@sharmin If your project is “boiling the ocean” (Making huge changes without resources or commitment to do it) it’s destined to failure and whatever you do to address the symptomatic signs of impending doom will not avert this. When “work or some other emergency” gets in the way of team members doing what you need from them you can be sure that they aren’t committed, and you might assume that they see impending failure and would rather not be associated with it. If this is what’s happening I’d advise you to meet with your VP of quality and the process owner to have an honest and open discussion. Ideally you’ll want someone who is above both of them and an independent expert on the project space to participate. If you can do this you may end up with a reduced and more achievable scope, and the commitment to do it. I’m making assumptions from what you said but I’m also speaking from experience where projects failed or were revived and successful with reduced scope.

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    #239592

    Joel Mason
    Participant

    @sharmin – Here are few more thoughts in addition to what others have said:

    1. Did you take the time to establish ground rules for the team? If not, that might be contributing to your experience. I believe it isn’t too late to establish them if you haven’t.
    2. Does the process owner (which sounds like someone I would call “champion” in my world) understand the why of Six Sigma? Do the team members understand the why of Six Sigma? If not, you might need to spend some time giving the why of the methodology and toolset. And if they have not embraced the why of the project itself, it’s aim, then that would be a gap as well. In Simon Sinek’s words, start with why.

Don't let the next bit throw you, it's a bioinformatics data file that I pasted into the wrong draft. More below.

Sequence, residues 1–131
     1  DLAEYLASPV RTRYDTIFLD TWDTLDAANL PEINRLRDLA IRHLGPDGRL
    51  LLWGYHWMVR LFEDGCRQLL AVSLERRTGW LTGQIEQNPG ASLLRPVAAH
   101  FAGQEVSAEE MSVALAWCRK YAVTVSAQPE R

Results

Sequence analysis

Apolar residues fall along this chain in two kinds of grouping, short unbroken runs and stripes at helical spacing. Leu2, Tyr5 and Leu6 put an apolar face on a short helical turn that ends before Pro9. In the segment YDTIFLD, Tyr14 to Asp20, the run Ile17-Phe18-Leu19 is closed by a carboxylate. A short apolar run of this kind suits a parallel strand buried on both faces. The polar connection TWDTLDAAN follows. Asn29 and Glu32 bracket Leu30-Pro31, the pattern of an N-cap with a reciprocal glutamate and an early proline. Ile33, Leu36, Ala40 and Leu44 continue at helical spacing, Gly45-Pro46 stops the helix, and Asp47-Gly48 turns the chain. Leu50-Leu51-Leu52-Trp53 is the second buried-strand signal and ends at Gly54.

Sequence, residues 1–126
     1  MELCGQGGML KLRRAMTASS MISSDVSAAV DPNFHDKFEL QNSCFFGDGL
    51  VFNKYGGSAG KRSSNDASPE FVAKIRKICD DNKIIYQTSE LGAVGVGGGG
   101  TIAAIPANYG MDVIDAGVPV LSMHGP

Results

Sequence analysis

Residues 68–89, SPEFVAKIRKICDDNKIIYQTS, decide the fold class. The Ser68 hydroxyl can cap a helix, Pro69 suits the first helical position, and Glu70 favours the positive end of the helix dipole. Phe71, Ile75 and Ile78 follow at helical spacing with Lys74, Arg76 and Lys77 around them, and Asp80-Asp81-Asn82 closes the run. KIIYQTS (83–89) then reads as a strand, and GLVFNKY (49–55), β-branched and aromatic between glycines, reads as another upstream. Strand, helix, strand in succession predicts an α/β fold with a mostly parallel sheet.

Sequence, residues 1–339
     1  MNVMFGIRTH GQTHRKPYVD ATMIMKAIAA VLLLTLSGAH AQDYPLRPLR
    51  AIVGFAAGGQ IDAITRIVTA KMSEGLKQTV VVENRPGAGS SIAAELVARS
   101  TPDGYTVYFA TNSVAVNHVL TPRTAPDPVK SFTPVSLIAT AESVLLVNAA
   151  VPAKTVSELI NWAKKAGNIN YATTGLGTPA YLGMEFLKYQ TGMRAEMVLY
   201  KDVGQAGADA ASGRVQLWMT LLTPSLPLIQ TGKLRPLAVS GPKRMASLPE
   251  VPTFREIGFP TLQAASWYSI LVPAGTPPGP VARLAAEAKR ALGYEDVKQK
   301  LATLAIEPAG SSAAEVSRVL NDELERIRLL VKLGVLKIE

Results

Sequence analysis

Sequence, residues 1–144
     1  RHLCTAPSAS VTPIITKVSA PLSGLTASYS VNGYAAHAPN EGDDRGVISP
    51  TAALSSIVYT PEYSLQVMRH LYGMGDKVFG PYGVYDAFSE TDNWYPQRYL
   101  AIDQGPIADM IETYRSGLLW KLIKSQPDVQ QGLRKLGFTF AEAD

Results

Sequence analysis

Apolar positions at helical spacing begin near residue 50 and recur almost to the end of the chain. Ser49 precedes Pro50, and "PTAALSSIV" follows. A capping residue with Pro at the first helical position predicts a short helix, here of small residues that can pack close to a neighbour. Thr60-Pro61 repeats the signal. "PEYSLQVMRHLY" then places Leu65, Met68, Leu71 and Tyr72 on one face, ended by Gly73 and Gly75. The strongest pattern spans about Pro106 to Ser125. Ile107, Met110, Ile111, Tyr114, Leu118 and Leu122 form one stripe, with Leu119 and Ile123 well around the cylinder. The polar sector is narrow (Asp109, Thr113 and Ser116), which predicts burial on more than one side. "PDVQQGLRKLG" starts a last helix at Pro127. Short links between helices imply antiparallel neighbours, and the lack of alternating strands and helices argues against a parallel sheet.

3. Did the process owner charter the project with your assistance? If the process owner did not lead the chartering and the kick-off, that’s a gap from the start in my opinion.
    4. Are you dominating the conversations? I’ve seen cases where Black Belts were so active in their facilitation that the team members began deferring to the project lead when they shouldn’t have. And the team members did so almost unknowingly.

    if I’m asking myself “should I raise the alarm?” the answer is generally ‘yes’. That’s just my personal experience. How to raise the alarm and what to do about it are other questions. I believe the alarm starts with you being very direct with the team first – not going to the VP of quality and the champion first. Being direct is a lot easier for me when I have agreed upon ground rules of behavior, a clear charter, and an established level of trust that I’ve built. Handle this conflict inside the team first if at all possible. If you’ve already done that and the reason for the lack of progress really is other priorities in the business, then I’d say that is reason to have a conversation about priorities with the process owner and your VP of Quality. Best wishes to you, I suspect we’ve all been in your position. On the bright side, some of the deepest professional relationships I have now are ones that endured conflict like this. We came out on the other side with deeper relationships than before.

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    #239644

    Sharmin Saylor
    Participant

    @mike-carnell @tammyz06 @cseider @Straydog @joelmason35

    Thank you all SO much for your input. I will definitely be using it as I move forward in this project.

    I’ve already set an agenda for the next meeting to have a discussion about this, and my copy of Crucial Conversations is on the way so I can make sure to power read it before the meeting. :)

    The general rules were discussed at the beginning, and I think now is the perfect time to revisit our expectations as a team and with the process owner.

    Wish me luck!

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    #240545

    Sharmin Saylor
    Participant

    I LOVE all the feedback. Sorry for the delay. This has been tremendously helpful for me!